On theory at least, a folding “kitchen knife” for traveling or camping sounds like a great idea. While it isn’t too hard to come up with a folder that will serve well as a paring knife, replacing the standard all-purpose “chef” knife is a little more complicated. For starters, the general rule of thumb is that the handle of any folder will need to be at least 1 inch longer than the blade. You can then assume that a 4-inch knife will have, at minimum, a 5-inch handle. When you consider the fact fixed-blade chef knives tend to start at around 6 inches in blade length, you can see why designing a practical folding model can be a complex problem.
OK, so a few compromises in blade length may be in order. One of the more interesting attempts at solving this design challenge has been the “Ryback” customs turned out by Kevin Wilkins, an American expat living in Germany. Nice as they were, the handmade versions of Kevin’s folding chef knife were probably a more serious investment than the average camper was willing to make. With the help of Cherusker Messer, Kevin has corrected this situation by introducing a mass-produced factory Ryback.
While the blade on the Ryback is listed as 120 mm (around 4.75 inches) long, the actual cutting edge is 113 mm (slightly less than 4.5 inches). The general blade shape might be called a “modified santoku” pattern, 1-7/8 inches wide. Chinese 8Cr10MoV stainless (Rc 58) is used for the blade steel. A massive frame-lock holds the blade securely in the open position. To accommodate this lock, only one side of the handle frame is covered with a black G10 scale while the other is left bare stainless steel. There is also a steel carry-clip on the bare side of the handle frame for tip-up right-hand carry. Weight of the knife, 255 grams or around 9 ounces. The suggested retail price is €79.70 (Euros), $103.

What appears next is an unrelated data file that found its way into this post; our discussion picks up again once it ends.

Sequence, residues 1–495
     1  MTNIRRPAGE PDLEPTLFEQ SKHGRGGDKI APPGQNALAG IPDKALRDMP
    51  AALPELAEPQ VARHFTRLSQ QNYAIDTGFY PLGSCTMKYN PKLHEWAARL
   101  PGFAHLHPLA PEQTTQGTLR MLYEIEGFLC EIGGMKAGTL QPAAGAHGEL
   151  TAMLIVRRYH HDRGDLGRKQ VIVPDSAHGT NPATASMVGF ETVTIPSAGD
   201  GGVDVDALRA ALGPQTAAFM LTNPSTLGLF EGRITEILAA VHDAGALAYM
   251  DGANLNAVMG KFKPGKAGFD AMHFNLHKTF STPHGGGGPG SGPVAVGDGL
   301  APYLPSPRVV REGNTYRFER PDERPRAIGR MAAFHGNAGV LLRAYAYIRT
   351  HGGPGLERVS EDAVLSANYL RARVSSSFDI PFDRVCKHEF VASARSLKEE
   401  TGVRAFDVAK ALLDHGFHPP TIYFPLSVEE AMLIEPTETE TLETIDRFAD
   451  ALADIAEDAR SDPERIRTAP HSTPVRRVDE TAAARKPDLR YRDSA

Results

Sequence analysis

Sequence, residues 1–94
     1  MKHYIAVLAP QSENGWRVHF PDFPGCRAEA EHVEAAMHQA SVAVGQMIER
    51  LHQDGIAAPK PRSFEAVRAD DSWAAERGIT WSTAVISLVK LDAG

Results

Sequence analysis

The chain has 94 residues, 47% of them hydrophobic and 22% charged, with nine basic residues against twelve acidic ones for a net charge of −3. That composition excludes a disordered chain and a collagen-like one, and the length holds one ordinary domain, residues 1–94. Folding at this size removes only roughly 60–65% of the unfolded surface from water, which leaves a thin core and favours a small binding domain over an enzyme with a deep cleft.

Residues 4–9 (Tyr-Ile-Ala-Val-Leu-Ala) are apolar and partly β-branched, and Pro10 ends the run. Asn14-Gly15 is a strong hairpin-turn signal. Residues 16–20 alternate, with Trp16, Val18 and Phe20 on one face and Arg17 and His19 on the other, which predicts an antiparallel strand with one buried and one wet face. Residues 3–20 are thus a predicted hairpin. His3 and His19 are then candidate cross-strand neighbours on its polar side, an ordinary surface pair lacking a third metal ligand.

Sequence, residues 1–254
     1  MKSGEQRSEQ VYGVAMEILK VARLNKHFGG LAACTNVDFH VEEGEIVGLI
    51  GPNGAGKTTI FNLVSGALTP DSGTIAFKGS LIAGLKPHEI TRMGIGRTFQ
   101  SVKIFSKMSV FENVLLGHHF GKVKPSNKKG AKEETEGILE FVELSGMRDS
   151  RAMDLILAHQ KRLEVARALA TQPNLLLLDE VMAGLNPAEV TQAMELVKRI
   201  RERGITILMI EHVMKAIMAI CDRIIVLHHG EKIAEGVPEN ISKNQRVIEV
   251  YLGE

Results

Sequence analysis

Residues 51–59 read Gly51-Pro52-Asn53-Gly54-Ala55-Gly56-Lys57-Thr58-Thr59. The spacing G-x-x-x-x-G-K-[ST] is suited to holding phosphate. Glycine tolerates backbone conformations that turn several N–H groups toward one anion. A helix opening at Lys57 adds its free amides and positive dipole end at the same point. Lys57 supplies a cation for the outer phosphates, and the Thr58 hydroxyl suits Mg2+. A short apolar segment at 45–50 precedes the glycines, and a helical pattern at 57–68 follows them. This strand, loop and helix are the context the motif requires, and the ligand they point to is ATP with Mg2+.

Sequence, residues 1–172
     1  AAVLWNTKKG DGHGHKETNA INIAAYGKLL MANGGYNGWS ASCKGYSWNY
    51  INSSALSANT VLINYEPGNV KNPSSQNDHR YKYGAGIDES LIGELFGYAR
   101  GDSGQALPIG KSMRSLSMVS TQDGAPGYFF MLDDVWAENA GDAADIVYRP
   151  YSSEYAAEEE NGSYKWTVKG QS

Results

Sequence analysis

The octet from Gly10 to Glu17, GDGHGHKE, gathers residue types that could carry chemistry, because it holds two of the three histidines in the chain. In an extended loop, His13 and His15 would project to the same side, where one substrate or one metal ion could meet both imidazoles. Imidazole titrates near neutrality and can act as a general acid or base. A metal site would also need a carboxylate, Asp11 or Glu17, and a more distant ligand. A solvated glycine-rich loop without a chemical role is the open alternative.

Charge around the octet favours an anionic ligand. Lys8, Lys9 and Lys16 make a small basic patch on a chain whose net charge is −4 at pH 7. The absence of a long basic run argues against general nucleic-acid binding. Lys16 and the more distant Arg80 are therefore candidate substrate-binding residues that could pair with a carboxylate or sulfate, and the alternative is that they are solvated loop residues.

Wilkins certainly made the right move partnering with Cherusker for this project. As with all of the Cherusker knives I’ve handled, I was highly impressed with the strides Chinese-made cutlery has made in quality. No matter what you think you know about Chinese knives, this is a first-class knife that could probably never be made in Japan or Germany for anything close to the $100 range.
Fit And Function
As can be expected, the 6-½-inch frame is most comfortable in a fairly large hand. I found myself limiting my cutting holds mainly to a couple basic grips: my fingers wrapped around the frame with my thumb on the spine for slicing, and pinching the end of the blade between thumb and forefinger for dicing.
My evaluation consisted of using the knife in the kitchen for several days. A large salad proved the knife would slice ripe tomatoes with ease. Several fresh Pacific cod filets required refiletting (don’t get me started on commercial fish processors’ version of “filet”) to be bone free. Making a large batch of chili required dicing a couple of onions, several cloves of garlic, slicing and chopping bell peppers, and cutting up a couple of venison round steaks. Frankly, the knife proved better at slicing tasks than at dicing and chopping, as the handle doesn’t give the knuckle clearance of a conventional chef model. I made up for this by gripping the blade in the aforementioned pinch hold right in front of the handle. As far as cutting efficiency goes, the edge geometry was excellent. Edge retention also seemed to be fine and there were no signs of corrosion on the blade.
Will I lay my normal fixed-blade chef aside for the Ryback? Probably not, as the least-used knife in my block is a 6-inch chef. The vast majority of the time, I select a chef blade between 8 and 10 inches for everyday use. On the other hand, my style of camp cooking tends to be a lot more basic. Slice a little bacon, dice an onion, cut up a little bell pepper and peel a couple large potatoes equals hash browns. Fresh caught trout or a nice steak require very little knife work to be pan ready. Under these conditions, the Ryback should make a handy, safe knife for my tailgate kitchen.